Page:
Spock slowed Tanaka's metabolism as much as he dared, but the poison's damage was already so advanced that he doubted she would survive for the next three hours. Still, he would do his best for her; humans had surprised him before, and perhaps this one would do so again.
Spock kept all of this from Ensign Tanaka, not wanting fear to speed her metabolism or to sap her will to live. At the time he left Vulcan for Starfleet Academy, Spock would not have said that an intangible like "the will to live" could affect such tangible objects as flesh and blood, but eighteen years in Starfleet had convinced him that humans' psychological state did indeed have an impact on their physiology. He was gradually learning to deal with the intricacies of human psychology.
In order to keep all knowledge of her danger from Tanaka, Spock had to put up an especially strong barrier between that knowledge and her mind, which left him too few mental resources to keep the knowledge from Kirk. Kirk could feel Tanaka's heartbeat and could taste the individuality of her mind, even though Spock managed to prevent him from accessing her actual thoughts. He could feel Kirk's alarm at Tanaka's condition, which he mentally cautioned the captain against indulging in, lest it speed his metabolism.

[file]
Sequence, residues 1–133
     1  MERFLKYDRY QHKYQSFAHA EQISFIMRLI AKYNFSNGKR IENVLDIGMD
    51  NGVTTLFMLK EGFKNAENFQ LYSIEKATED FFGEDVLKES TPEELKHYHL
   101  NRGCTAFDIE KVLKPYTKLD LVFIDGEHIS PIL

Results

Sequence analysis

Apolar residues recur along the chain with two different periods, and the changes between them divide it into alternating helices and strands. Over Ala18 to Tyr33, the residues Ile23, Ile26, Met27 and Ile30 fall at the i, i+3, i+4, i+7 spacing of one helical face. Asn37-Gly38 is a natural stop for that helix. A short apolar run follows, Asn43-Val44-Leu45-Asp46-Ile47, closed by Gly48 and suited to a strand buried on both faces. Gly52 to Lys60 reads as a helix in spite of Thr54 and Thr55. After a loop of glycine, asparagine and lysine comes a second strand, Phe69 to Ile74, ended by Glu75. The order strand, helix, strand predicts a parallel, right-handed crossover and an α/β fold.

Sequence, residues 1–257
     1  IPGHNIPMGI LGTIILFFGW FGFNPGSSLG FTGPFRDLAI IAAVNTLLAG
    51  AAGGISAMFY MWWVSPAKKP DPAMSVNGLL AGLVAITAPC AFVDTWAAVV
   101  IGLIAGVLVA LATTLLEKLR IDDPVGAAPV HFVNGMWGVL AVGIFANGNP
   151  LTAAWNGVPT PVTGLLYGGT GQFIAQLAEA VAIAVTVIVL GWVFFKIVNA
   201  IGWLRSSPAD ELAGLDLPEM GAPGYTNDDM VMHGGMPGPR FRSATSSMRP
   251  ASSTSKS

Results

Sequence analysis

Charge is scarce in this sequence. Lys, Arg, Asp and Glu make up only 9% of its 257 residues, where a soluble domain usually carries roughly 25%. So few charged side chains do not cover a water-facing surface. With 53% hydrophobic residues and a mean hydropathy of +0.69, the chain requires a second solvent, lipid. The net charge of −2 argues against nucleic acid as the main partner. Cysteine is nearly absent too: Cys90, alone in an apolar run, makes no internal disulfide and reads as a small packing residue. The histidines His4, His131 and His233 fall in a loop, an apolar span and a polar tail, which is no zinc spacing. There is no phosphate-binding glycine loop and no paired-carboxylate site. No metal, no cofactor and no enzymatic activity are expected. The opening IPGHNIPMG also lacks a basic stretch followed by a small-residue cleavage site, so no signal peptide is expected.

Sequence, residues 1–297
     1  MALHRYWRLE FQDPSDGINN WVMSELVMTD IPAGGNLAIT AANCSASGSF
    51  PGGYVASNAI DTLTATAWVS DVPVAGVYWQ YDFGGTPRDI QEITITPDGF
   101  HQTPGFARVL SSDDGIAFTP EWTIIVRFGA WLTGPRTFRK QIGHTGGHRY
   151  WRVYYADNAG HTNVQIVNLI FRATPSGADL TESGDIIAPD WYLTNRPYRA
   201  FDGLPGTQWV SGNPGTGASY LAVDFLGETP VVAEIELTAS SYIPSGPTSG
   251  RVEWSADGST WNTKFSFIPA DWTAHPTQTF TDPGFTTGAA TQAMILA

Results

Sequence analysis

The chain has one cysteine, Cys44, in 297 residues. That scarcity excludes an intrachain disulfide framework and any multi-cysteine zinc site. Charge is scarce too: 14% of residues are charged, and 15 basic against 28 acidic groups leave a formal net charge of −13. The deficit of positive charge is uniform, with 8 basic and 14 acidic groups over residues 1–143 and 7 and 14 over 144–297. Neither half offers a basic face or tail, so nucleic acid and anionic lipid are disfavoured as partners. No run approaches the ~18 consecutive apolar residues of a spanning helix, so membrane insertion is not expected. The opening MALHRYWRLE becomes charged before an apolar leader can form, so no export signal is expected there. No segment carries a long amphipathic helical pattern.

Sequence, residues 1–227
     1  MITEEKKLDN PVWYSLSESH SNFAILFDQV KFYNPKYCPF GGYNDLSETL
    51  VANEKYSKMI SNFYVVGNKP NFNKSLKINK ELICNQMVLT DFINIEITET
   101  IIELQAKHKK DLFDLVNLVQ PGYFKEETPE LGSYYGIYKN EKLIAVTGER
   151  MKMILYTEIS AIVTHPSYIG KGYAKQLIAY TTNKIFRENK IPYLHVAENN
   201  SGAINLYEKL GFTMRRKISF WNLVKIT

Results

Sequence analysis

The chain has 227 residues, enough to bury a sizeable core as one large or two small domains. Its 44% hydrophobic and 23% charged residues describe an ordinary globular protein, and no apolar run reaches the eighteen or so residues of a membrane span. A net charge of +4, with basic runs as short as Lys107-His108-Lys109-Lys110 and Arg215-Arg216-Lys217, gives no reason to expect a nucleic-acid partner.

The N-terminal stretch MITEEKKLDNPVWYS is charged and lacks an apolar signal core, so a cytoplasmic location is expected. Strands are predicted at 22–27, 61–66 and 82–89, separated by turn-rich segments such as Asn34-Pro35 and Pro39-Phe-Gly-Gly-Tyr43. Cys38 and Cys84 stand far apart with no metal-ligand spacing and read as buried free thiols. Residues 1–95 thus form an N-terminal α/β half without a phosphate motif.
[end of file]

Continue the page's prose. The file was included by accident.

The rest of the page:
"I understand," the captain thought to him, "But humans don't have the mental control that you have. Can you distract me?"
"How should I do this?" Spock thought back.
Kirk thought, "Tell me a story. Make up something really cool."
"Captain," Spock thought, "I am maintaining two simultaneous melds. I do not have the mental capacity to spare for unnecessary creativity."
Kirk's face nodded under Spock's hand. "I understand. Then tell me about Vulcan daily life or Vulcan philosophy or whatever you feel like. Hell, tell me what you ate for breakfast as a kid or what you did with I-Chaya."
Aloud, Spock said, "In order to distract you both from your wounds, the captain has asked that I tell 'stories' of Vulcan daily life. I regret if these stories concern trivialities, but the captain indicated that he was interested in such material."
Ensign Tanaka forced a wavering smile. "Compared to lying here feeling my wounds burn, hearing about Vulcan daily life sounds great."
"Very well." Spock cleared his throat and began speaking. He told several stories about the antics of his sehlat and described the animal's training. He broke off abruptly to monitor Ensign Tanaka's heart, and he and Kirk were both alarmed at how weak the beat had become.